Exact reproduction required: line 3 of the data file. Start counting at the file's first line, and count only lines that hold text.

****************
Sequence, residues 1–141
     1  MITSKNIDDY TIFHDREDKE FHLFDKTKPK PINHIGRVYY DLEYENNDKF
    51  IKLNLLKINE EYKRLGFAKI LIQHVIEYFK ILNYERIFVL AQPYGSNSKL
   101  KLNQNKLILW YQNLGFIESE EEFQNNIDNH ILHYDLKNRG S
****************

    51  IKLNLLKINE EYKRLGFAKI LIQHVIEYFK ILNYERIFVL AQPYGSNSKL